Latest Research

Tagged Lesser black-backed Gull

GPS tracks and cutting edge stats shed new light on seabird flight heights

New research led by the BTO has used a combination of GPS-tracking and advanced statistics to provide new insights into seabird flight heights by night and day. This study gives important information on the risk of seabirds colliding with offshore wind turbines and at a time when governments worldwide are investing in offshore wind farms.
Cuckoo by Edmund Fellowes

Cuckoo declines linked to different migration routes to Africa

When the BTO began ground-breaking Cuckoo tracking research in 2011, we had very little idea where these birds spent the winter or how they got there. Our latest research not only reveals this information, but also shows that Cuckoos’ use of autumn migration routes helps explain population declines.

Willow Warbler, photograph by Jill Pakenham

Causes and consequences of spatial variation in Willow Warbler sex ratios

New BTO research shows a recent imbalance in Willow Warbler sex ratios, with 60% of adult birds being male. Such a skewed ratio has implications for the conservation of this migrant species.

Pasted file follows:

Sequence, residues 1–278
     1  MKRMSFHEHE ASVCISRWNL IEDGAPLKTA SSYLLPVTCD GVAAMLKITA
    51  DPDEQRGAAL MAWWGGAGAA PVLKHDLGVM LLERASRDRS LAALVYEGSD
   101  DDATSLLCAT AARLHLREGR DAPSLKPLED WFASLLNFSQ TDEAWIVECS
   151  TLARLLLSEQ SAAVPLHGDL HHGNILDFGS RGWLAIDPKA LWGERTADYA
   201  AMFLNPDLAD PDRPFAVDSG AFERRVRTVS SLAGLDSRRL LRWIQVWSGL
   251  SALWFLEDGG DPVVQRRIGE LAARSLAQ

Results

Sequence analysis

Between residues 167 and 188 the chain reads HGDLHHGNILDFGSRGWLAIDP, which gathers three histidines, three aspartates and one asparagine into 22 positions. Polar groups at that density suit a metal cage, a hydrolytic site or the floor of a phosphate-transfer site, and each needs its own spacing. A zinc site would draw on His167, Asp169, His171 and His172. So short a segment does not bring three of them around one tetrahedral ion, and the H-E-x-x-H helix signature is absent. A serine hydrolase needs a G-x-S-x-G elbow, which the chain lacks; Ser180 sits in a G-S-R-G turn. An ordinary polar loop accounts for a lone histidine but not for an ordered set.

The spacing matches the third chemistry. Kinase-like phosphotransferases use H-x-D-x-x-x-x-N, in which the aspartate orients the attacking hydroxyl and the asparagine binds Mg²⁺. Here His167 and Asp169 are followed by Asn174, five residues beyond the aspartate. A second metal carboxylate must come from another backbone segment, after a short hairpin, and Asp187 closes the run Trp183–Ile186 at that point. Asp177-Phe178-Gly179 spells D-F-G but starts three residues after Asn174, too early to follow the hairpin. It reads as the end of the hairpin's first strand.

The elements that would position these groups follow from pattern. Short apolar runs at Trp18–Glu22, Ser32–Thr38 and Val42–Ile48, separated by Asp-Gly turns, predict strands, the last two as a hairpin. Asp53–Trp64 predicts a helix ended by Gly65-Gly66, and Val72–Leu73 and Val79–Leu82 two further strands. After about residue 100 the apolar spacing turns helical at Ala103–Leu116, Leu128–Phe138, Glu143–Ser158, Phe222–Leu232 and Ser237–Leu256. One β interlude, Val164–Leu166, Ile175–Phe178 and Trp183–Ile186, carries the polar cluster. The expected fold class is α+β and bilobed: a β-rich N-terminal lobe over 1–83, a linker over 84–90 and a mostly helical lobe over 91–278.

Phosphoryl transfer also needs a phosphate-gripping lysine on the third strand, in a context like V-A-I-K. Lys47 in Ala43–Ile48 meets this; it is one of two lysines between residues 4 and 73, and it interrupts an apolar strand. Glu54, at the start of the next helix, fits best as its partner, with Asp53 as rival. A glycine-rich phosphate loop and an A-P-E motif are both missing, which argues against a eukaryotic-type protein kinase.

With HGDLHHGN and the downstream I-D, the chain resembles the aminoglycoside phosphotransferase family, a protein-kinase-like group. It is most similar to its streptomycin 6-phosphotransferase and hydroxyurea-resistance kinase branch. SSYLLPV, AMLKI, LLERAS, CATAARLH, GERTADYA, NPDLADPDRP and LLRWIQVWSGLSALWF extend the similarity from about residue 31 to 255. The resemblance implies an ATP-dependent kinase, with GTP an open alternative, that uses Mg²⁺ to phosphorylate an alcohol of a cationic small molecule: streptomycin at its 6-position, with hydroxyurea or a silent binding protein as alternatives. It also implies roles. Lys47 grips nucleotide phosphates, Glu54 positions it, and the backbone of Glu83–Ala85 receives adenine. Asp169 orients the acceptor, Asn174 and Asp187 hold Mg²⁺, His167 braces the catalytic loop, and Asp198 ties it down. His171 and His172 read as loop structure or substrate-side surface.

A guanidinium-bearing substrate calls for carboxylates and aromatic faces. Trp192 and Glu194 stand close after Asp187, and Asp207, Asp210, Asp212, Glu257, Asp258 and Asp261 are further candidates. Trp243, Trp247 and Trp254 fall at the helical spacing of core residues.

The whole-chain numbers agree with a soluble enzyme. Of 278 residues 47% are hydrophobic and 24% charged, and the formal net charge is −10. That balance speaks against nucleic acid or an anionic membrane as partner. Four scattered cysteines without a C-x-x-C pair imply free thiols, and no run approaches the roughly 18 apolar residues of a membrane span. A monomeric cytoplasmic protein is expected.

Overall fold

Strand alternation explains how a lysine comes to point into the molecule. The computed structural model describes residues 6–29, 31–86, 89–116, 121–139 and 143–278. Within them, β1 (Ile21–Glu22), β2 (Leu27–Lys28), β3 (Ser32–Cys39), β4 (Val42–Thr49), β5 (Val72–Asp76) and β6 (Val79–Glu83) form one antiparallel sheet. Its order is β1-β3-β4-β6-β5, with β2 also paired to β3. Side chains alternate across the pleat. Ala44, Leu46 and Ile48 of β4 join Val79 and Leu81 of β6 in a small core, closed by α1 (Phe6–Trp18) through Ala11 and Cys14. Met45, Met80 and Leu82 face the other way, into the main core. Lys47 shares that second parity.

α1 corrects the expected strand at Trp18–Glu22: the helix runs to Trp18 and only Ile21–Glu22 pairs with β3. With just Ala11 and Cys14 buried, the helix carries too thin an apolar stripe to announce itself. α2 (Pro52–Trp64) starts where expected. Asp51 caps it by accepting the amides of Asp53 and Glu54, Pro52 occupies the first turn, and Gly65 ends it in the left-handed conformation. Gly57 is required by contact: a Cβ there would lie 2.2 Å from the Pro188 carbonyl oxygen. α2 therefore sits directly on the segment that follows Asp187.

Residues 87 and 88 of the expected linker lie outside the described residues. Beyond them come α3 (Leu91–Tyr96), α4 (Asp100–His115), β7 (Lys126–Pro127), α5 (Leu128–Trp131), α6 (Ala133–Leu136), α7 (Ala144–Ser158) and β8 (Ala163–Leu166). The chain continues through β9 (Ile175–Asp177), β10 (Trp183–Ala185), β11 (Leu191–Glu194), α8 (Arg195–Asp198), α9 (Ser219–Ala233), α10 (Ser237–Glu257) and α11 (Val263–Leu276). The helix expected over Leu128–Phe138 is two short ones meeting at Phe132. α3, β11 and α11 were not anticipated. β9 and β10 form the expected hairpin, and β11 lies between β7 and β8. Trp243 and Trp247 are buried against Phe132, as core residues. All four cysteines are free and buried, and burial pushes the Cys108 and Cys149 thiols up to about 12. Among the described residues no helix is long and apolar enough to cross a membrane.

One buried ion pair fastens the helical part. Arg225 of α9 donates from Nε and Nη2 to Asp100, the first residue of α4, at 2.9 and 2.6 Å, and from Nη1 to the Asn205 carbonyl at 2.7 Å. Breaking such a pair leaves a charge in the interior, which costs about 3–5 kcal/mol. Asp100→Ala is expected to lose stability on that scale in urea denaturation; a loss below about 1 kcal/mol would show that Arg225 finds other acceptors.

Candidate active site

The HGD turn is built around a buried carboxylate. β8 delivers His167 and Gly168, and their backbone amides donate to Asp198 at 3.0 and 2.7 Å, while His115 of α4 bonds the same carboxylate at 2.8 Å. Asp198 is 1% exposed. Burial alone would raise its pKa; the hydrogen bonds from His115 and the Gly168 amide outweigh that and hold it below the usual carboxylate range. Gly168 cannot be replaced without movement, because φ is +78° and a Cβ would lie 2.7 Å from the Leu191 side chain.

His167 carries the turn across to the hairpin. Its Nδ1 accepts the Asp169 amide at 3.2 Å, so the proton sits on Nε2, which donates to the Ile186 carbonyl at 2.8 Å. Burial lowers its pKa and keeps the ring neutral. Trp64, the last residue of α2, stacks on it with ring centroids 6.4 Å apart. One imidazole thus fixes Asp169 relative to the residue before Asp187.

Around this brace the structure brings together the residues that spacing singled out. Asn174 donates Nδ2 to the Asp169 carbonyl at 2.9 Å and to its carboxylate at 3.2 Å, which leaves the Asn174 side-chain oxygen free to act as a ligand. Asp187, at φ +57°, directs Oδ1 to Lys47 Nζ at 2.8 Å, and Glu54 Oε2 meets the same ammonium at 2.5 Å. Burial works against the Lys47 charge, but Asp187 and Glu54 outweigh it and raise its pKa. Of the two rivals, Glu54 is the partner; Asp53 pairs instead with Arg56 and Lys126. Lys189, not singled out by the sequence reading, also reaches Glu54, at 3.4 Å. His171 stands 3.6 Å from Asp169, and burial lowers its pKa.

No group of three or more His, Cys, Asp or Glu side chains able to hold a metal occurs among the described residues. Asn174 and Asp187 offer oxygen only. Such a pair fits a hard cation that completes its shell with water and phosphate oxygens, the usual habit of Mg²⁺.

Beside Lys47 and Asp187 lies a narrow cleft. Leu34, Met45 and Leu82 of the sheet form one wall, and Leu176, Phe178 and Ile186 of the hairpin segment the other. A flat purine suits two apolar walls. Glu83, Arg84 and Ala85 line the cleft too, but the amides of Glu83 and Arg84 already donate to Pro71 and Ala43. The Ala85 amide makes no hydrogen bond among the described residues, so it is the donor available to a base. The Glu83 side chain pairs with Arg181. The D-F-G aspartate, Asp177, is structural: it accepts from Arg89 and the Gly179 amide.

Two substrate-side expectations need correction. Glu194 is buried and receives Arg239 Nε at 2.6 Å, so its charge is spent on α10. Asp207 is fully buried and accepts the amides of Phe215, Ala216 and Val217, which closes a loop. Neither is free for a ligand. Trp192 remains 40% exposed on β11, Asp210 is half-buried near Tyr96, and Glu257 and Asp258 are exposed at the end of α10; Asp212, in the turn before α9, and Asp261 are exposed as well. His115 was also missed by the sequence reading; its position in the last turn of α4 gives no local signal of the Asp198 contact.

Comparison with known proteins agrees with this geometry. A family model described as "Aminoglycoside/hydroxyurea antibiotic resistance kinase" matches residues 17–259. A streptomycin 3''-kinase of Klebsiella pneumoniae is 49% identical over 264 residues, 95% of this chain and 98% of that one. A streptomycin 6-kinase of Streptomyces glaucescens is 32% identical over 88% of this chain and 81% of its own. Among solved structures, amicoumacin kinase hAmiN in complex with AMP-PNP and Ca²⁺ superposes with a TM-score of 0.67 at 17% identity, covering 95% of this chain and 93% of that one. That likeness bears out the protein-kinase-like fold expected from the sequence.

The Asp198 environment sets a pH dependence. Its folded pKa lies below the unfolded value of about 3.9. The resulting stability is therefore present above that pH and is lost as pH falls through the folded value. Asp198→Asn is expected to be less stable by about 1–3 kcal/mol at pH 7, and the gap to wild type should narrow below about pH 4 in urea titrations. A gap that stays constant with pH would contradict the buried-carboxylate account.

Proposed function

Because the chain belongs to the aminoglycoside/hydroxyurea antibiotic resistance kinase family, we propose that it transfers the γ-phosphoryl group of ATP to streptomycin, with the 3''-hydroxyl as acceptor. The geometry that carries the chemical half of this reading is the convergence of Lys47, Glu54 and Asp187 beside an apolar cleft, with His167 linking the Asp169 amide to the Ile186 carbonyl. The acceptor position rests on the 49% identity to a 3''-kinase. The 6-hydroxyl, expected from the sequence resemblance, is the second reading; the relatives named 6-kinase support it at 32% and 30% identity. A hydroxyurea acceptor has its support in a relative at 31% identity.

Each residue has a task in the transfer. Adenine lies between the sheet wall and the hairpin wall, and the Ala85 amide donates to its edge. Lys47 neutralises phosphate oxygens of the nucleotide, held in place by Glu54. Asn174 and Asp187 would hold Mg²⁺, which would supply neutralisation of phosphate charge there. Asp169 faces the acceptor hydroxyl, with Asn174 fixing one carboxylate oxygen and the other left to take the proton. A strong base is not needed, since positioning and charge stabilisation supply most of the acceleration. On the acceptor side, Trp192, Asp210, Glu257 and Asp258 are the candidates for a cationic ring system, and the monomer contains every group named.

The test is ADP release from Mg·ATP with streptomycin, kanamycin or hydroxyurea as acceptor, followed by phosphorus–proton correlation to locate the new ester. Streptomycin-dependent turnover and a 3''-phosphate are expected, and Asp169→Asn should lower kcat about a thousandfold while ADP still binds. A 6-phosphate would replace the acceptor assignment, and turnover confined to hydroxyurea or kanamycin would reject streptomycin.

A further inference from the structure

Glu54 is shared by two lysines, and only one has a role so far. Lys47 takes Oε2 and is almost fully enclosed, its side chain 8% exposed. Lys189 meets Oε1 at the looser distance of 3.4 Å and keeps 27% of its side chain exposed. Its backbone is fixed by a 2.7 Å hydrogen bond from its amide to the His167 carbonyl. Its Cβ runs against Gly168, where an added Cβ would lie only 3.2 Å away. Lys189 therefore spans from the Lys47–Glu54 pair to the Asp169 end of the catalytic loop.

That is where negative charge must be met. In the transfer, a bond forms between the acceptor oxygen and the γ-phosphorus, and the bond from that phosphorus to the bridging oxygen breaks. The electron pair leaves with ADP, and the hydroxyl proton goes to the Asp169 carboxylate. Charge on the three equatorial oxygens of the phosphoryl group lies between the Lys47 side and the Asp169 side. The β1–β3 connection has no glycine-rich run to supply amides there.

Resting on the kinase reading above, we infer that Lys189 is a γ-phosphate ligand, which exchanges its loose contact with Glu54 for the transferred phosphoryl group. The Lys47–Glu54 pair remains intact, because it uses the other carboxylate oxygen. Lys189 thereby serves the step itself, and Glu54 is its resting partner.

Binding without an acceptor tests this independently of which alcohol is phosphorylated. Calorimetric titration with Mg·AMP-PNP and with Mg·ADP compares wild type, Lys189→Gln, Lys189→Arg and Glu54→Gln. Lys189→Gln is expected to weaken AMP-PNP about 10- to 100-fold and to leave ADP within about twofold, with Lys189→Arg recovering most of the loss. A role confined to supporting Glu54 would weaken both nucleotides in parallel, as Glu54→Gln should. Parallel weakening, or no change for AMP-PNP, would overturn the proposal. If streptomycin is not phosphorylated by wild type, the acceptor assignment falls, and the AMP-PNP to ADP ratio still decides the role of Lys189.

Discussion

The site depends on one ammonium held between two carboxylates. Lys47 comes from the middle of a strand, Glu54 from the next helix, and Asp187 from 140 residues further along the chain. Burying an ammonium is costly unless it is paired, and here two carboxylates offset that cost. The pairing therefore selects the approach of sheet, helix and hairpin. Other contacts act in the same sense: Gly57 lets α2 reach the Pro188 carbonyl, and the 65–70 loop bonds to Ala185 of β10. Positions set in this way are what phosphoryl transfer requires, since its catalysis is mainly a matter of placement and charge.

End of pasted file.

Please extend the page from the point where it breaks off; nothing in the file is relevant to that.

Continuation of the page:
Wren by John Harding

Northern Wrens weather the winter better than southerners

New BTO research reveals that one of our most widespread songbirds – the Wren – varies in its resilience to winter weather, depending on where in Britain it lives. Scottish Wrens are larger than those living in southern Britain, and are more resilient to hard winter frosts.

Little Owl, photograph by John Harding

Monitoring Little Owls with playback

Little Owls are in decline in the UK, but are hard to monitor, making it difficult to establish this species' conservation and management needs. Newly-published research by the BTO demonstrates how playback could be an effective tool for helping to detect and monitor this species.